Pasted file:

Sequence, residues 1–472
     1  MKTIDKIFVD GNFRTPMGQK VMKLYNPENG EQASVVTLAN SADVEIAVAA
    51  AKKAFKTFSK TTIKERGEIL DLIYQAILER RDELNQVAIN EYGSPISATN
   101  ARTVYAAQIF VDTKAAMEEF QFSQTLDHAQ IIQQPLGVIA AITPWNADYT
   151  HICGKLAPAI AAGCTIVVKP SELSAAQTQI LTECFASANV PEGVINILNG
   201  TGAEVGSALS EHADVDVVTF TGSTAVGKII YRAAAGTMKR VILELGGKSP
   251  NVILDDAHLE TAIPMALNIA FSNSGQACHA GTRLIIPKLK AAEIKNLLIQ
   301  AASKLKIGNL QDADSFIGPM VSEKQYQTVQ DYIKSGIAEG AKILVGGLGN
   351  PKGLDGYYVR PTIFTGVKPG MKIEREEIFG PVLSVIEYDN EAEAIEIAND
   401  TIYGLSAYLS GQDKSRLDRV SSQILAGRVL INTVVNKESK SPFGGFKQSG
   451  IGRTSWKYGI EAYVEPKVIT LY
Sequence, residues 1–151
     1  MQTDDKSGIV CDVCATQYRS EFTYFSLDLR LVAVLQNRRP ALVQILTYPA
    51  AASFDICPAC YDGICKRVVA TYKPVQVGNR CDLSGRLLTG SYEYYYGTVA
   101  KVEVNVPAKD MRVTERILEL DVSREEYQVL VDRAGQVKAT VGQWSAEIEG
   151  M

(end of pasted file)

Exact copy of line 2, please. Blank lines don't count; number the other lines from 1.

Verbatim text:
     1  MKTIDKIFVD GNFRTPMGQK VMKLYNPENG EQASVVTLAN SADVEIAVAA